A Vision of an Integrated Internet Information Service (RFC1727)
Original Publication Date: 1994-Dec-01
Included in the Prior Art Database: 2019-Feb-12
Internet Society Requests For Comment (RFCs)
C. Weider: AUTHOR [+1]
This paper lays out a vision of how Internet information services might be integrated over the next few years, and discusses in some detail what steps will be needed to achieve this integration. This memo provides information for the Internet community. This memo does not specify an Internet standard of any kind.
Network Working Group C. Weider Request for Comments: 1727 P. Deutsch Category: Informational Bunyip Information Systems December 1994
A Vision of an Integrated Internet Information Service
Status of this Memo
This memo provides information for the Internet community. This memo does not specify an Internet standard of any kind. Distribution of this memo is unlimited.
This paper lays out a vision of how Internet information services might be integrated over the next few years, and discusses in some detail what steps will be needed to achieve this integration.
Thanks to the whole gang of information service wonks who have wrangled with us about the future of information services in countless bar bofs (in no particular order): Cliff Lynch, Cliff Neuman, Alan Emtage, Jim Fullton, Joan Gargano, Mike Schwartz, John Kunze, Janet Vratny, Mark McCahill, Tim Berners-Lee, John Curran, Jill Foster, and many others. Extra special thanks to George Brett of CNIDR and Anders Gillner of RARE, who have given us the opportunity to start tying together the networking community and the librarian community.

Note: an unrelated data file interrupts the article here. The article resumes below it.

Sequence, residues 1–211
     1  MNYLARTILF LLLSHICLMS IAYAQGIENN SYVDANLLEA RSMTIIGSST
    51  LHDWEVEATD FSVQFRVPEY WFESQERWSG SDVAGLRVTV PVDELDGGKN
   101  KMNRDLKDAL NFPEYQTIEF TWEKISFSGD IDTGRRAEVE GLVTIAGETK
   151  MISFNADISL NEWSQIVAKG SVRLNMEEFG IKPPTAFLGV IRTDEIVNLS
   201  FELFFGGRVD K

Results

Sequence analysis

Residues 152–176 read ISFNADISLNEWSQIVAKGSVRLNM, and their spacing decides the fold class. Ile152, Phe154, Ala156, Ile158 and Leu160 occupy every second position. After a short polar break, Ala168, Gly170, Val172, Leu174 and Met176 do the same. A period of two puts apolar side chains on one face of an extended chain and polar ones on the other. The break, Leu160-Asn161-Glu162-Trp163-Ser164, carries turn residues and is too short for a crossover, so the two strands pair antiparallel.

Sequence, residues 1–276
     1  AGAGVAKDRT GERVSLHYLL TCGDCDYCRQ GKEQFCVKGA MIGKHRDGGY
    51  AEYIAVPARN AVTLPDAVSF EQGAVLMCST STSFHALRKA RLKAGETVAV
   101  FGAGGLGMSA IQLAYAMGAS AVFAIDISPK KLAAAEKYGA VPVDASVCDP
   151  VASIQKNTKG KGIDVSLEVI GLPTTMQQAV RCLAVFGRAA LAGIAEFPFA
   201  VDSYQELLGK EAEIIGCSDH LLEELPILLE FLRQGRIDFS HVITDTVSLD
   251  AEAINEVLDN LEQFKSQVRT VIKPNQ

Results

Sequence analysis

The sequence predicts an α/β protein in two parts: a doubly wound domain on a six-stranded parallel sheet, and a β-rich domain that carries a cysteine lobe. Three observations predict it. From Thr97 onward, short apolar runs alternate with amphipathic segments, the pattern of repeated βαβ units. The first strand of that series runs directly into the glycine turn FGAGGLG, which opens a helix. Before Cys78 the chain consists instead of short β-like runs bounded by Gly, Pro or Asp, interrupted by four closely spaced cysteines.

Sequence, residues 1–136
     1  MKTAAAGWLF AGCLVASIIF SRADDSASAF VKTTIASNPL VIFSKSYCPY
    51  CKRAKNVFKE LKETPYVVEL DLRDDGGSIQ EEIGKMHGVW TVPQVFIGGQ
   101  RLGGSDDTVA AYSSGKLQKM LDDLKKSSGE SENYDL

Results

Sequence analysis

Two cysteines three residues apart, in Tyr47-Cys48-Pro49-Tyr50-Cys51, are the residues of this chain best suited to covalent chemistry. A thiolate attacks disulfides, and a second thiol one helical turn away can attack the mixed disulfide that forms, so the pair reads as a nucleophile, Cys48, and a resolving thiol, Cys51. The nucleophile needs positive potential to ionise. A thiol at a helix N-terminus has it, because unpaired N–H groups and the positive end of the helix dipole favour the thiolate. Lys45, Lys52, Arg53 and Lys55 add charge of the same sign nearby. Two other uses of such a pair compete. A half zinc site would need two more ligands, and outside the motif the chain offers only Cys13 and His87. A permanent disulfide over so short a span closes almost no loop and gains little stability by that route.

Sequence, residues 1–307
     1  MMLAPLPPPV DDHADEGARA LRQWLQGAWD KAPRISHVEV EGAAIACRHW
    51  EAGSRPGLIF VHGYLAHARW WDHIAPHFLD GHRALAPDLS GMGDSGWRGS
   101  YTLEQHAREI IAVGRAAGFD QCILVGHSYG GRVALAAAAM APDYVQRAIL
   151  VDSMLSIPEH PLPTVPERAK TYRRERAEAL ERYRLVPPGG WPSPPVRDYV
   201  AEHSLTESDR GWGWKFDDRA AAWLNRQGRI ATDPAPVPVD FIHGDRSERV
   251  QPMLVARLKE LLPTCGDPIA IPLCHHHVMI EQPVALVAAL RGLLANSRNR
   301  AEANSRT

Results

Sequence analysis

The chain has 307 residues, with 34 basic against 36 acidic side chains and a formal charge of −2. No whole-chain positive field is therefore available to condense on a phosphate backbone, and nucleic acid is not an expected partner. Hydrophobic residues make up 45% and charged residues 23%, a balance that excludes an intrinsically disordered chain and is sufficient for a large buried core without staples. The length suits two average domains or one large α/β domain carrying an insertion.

This paper represents only the opinions of its authors; it is not an official policy statement of the IIIR Working Group of the IETF, and does not represent an official consensus.
The current landscape in information tools is much the same as the landscape in communications networks in the early 1980’s. In the early 80’s, there were a number of proprietary networking protocols that connected large but autonomous regions of computers, and it was difficult to coalesce these regions into a unified network. Today, we have a number of large but autonomous regions of networked information. We have a vast set of FTPable files, a budding WAIS network, a budding GOPHER network, a budding World Wide Web network,
Weider & Deutsch [Page 1]
RFC 1727 Resource Transponders December 1994
etc. Although there are a number of gateways between various protocols, and information service providers are starting to use GOPHER to provide a glue between various services, we are not yet in that golden age when all human information is at our fingertips. (And we’re even farther from that platinum age when the computer knows what we’re looking for and retrieves it before we even touch the keyboard.)
In this paper, we’ll propose one possible vision of the information services landscape of the near future, and lay out a plan to get us there from here.
3. Axioms of information services
There are a number of unspoken assumptions that we’ve used in our discussions. It might be useful to lay them out explicitly before we start our exploration.
The first is that there is no unique information protocol that will provide the flexibility, scale, responsiveness, worldview, and mix of services that every information consumer wants. A protocol designed to give quick and meaningful access to a collection of stock prices might look functionally very...